Wire Service
3 minute read
21 May 2020
10:36 pm

Trump to withdraw US from ‘Open Skies’ treaty


Since coming to office in January 2017, Trump has withdrawn from two other major arms control pacts.

US President Donald Trump boards Air Force One at Andrews Air Force Base May 21, 2020, in Maryland. Picture: Brendan Smialowski / AFP

President Donald Trump announced on Thursday he plans to withdraw the United States from the Open Skies Treaty with Russia, the third arms control pact Trump has abrogated since coming to office.

The US leader said Moscow had not stuck to its commitments under the 18-year-old pact, which was designed to improve military transparency and confidence between the superpowers.

“Russia did not adhere to the treaty,” Trump told reporters at the White House.

“So until they adhere, we will pull out.”

The New York Times reported that Trump plans to inform Moscow of the move on Friday, and that it could be a prelude to Washington also withdrawing from the New START Treaty, which limits the number of nuclear missiles the United States and Russia can deploy.

The Open Skies agreement between Russia, the United States and 32 other countries, mostly members of the NATO alliance, permits one country’s military to conduct a certain number of surveillance flights over another each year on short notice.

The aircraft can survey the territory below, collecting information and pictures of military installations and activities.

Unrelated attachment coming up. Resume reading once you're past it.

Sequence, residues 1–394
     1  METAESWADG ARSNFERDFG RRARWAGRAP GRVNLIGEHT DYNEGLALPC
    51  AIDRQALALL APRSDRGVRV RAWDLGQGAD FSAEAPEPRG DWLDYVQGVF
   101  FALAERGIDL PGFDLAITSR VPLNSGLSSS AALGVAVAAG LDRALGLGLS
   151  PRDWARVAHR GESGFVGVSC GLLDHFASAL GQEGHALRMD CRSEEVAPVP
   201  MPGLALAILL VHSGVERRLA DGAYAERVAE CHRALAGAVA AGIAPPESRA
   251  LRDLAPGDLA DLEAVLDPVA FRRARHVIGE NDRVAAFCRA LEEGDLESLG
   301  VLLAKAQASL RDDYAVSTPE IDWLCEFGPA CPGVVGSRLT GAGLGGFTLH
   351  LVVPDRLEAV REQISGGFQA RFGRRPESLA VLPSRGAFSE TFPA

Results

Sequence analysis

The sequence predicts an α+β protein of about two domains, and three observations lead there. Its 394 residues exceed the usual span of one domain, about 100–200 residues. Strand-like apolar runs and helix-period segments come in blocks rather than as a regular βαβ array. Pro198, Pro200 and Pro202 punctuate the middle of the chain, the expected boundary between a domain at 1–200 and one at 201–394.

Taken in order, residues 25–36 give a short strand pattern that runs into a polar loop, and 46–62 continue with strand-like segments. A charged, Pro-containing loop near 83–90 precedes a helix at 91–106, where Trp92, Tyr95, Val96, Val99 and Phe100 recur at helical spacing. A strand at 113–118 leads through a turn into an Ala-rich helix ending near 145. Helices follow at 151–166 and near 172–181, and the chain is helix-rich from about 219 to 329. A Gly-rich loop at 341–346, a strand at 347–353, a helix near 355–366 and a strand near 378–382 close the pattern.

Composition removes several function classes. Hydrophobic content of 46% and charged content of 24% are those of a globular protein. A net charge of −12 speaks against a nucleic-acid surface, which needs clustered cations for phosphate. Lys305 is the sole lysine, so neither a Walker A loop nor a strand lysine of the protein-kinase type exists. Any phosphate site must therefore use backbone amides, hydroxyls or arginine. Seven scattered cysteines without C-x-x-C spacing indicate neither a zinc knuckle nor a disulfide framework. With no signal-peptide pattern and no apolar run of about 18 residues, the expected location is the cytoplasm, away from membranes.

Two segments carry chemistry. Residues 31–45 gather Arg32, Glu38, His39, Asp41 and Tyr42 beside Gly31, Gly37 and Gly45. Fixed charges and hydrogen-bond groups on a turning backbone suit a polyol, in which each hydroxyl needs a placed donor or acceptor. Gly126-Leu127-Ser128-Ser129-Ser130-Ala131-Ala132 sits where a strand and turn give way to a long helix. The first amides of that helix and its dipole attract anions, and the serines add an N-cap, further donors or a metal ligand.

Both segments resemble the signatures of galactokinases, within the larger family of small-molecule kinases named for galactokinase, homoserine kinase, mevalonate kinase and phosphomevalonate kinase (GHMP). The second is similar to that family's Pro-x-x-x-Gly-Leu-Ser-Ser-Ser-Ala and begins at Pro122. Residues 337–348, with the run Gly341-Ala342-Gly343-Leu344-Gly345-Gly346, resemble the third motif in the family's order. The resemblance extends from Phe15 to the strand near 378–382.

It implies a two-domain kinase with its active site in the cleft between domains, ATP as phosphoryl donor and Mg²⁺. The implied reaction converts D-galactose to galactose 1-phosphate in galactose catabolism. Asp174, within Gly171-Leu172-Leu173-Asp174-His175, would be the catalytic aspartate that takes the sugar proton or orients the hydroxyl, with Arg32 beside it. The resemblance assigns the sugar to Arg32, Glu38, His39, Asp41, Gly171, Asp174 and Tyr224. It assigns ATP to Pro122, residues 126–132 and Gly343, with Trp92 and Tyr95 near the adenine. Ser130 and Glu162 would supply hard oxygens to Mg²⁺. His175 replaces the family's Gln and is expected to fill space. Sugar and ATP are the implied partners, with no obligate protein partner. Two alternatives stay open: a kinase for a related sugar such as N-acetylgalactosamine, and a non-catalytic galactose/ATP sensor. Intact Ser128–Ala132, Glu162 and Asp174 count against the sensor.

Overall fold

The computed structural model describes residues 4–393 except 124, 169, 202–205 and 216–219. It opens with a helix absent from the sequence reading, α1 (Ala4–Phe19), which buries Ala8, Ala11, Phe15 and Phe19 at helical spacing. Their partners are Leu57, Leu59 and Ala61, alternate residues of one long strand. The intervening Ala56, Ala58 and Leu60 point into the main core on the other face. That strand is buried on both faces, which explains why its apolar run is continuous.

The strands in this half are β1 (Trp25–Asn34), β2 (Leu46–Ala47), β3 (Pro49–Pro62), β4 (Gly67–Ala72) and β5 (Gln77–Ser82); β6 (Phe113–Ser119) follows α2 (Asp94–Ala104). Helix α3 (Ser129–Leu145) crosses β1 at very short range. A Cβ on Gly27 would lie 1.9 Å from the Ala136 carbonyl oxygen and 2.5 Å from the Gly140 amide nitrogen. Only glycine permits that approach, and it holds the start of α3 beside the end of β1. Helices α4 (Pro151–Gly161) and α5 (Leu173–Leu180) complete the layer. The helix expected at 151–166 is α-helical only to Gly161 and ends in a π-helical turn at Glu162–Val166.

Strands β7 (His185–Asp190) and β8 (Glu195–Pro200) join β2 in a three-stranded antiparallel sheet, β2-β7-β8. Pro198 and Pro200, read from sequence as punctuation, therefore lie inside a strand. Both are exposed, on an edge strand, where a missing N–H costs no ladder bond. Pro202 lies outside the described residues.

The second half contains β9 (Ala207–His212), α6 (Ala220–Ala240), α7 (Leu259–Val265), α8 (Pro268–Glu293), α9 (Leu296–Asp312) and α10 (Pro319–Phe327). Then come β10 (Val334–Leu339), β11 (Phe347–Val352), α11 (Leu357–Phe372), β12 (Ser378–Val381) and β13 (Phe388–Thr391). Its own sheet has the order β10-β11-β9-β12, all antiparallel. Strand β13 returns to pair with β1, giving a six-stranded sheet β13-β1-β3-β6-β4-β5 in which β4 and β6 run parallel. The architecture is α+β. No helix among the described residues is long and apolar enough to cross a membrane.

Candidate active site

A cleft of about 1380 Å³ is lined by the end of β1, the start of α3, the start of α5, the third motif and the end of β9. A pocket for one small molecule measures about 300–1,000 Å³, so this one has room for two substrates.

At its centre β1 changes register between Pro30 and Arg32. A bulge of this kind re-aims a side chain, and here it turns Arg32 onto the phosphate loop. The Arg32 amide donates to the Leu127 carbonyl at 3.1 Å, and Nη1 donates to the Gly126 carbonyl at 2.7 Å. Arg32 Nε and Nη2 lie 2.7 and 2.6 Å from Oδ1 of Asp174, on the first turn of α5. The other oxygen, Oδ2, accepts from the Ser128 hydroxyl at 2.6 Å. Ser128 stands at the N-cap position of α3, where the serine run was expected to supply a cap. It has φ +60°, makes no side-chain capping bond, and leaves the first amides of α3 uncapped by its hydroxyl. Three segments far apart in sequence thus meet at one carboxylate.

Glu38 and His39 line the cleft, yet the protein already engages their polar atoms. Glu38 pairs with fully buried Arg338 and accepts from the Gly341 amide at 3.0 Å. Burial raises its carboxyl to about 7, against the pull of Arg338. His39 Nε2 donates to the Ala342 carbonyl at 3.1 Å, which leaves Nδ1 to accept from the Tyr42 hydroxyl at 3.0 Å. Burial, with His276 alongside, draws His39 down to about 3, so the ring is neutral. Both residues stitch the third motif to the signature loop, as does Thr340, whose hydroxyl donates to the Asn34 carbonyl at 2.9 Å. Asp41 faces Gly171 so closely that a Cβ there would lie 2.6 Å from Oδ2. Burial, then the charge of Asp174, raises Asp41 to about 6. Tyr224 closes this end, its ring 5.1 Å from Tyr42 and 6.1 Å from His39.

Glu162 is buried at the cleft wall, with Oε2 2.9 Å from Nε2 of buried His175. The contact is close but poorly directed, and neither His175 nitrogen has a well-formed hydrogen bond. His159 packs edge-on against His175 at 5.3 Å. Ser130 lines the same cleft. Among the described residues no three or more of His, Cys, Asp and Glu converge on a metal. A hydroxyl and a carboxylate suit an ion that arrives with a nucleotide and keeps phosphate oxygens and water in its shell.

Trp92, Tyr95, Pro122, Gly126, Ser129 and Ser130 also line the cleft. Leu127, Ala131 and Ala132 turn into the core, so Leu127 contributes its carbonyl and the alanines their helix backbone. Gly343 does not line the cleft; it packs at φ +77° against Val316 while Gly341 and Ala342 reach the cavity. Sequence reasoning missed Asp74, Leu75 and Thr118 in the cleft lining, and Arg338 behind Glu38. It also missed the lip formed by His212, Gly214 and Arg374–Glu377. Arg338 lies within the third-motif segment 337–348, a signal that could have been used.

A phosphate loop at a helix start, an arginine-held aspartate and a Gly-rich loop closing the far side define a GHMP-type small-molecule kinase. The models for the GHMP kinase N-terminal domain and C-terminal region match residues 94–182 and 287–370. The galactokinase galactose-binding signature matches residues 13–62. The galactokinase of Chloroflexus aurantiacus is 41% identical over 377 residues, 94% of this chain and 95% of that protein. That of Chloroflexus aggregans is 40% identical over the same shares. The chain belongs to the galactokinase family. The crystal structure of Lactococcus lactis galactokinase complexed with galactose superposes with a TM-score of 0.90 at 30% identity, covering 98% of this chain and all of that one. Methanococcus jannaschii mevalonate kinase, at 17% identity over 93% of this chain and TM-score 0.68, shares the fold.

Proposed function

The idea is that the more rival militaries know about each other, the less the chance of conflict between them.

But the sides also use the flights to examine vulnerabilities of their opponent.

The United States has been frustrated that Russia will not permit US flights over areas where Washington believes Moscow is deploying medium-range nuclear weapons that threaten Europe.

Pentagon spokesman Jonathan Hoffman said Russia “flagrantly, continuously violates its obligations” under the pact.

Moscow “implements the treaty in ways that contribute to military threats against the United States and our allies and partners,” he said.

He cited Russia’s refusal to allow flights over areas where Washington believes Moscow is deploying medium-range nuclear weapons, including the Baltic Sea city of Kaliningrad and near the Russia-Georgia border.

Last year Moscow also blocked flights meant to survey Russian military exercises, normally allowed under the pact.

The New York Times said Trump was also unhappy about a Russian flight over his golf resort in Bedminster, New Jersey three years ago.

“In this era of great power competition, we are looking to advocate for agreements that benefit all sides, and that include partners who comply responsibly with their obligations,” Hoffman said.

But Russian deputy foreign minister Alexander Grushko said on Thursday: “The withdrawal by the US from this treaty would be not only a blow to the foundation of European security… but to the key security interests of the allies of the US.”

Grushko, who is the deputy minister overseeing relations with NATO and the European Union, said Trump was trying to justify the exit from a “fundamental treaty” via “technical issues” that should be resolved within the treaty.

“Nothing prevents continuing the discussions over the technical issues which the US is misrepresenting as violations by Russia,” he said.

Since coming to office in January 2017, Trump has withdrawn from two other major arms control pacts, the 2015 JCPOA agreement to prevent Iran from advancing its nuclear weapons program, and the 1988 Intermediate Range Nuclear Forces Treaty with Russia.

In both cases Trump accused the other side of violating treaty requirements.

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